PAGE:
WASHINGTON, DC: Corporate crime is not yet a capital offense under US law. But it might as well be, given the draconian sentencing of ex-Adelphia Communications chairman John Rigas and son Timothy (pictured).
Earlier this week the duo lost their final appeal to the Supreme Court against conviction on charges of securities fraud, conspiracy to commit bank fraud and bank fraud.
The court upheld the fifteen year sentence handed down to 83-year-old Adelphia founder John Rigas, almost certainly ensuring that he draws his last breath in jail.
His son Timothy (52) – the collapsed company's former chief financial officer – has a slightly better chance of making it out of jail ahead of the grim reaper. He faces twenty years in North Carolina's Butner Federal Correctional Complex.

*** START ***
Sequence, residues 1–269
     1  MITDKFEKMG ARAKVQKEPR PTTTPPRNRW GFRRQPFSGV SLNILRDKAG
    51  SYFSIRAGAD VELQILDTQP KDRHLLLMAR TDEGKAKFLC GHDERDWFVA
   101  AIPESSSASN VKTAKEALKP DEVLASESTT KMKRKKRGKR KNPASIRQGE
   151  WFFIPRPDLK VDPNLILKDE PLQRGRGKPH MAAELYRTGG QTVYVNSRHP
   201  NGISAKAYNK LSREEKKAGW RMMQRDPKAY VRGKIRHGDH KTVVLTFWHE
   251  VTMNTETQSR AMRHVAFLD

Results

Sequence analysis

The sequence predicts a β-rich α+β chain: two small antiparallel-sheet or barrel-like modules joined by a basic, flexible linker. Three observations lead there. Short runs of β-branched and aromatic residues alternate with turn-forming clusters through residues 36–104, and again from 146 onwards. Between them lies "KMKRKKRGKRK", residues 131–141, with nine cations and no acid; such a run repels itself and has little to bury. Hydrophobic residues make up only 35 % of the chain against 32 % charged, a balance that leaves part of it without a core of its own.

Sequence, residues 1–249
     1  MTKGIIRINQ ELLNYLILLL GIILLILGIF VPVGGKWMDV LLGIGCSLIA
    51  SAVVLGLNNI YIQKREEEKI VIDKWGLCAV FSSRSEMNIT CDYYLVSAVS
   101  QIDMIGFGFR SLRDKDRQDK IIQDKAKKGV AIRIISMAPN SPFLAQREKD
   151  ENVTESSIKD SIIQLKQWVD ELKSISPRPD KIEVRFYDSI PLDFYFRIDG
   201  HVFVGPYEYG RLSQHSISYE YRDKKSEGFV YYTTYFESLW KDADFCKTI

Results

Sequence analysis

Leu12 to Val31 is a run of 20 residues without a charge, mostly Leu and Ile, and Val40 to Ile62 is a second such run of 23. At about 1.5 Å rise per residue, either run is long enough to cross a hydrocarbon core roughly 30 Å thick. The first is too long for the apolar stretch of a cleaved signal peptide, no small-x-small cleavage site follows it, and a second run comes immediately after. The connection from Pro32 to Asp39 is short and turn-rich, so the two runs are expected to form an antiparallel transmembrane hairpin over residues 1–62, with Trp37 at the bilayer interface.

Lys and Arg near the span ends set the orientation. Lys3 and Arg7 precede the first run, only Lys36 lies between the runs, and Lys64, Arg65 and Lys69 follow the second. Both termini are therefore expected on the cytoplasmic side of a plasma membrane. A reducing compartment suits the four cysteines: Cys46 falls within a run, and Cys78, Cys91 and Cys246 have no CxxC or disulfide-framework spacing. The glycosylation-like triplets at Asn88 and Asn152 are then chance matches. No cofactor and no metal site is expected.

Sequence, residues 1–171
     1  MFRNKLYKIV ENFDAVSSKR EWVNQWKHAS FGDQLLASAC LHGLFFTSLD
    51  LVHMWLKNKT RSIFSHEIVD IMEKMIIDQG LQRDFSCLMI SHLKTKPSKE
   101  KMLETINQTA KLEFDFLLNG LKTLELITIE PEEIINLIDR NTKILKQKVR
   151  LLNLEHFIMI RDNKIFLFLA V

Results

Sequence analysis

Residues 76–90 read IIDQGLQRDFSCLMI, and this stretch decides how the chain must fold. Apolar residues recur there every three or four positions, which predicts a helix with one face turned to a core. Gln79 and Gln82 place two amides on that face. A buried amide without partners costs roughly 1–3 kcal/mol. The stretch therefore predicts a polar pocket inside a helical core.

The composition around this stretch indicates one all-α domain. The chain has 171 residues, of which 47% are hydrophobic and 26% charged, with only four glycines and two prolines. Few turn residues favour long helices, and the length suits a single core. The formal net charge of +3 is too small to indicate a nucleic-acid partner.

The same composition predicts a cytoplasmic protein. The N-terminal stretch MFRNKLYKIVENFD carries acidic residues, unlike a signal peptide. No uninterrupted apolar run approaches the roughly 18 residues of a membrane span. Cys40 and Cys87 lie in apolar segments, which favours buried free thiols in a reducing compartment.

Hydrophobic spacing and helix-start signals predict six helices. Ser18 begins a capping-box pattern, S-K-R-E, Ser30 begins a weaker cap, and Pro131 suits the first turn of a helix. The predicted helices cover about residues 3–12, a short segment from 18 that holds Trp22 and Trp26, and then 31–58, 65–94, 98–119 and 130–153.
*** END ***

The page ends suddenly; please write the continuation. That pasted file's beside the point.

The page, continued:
John, patriarch of the Rigas clan, is the son of Greek immigrants, who created Adelphia from scratch when in 1952 he bought the rights to wire the town of Coudersport, Pennsylvania, for cable television.
The firm went public in 1986 and rode the crest of the media wave throughout the nineties.
Accustomed to the autocracy of private ownership Rigas failed to adjust to the financial accountability necessary within a publicly quoted company, which he and his family continued to treat as their personal piggybank.
He is not the first to have made that mistake. And he is unlikely to be the last.
Data sourced from WashingtonPost.com; additional content by WARC staff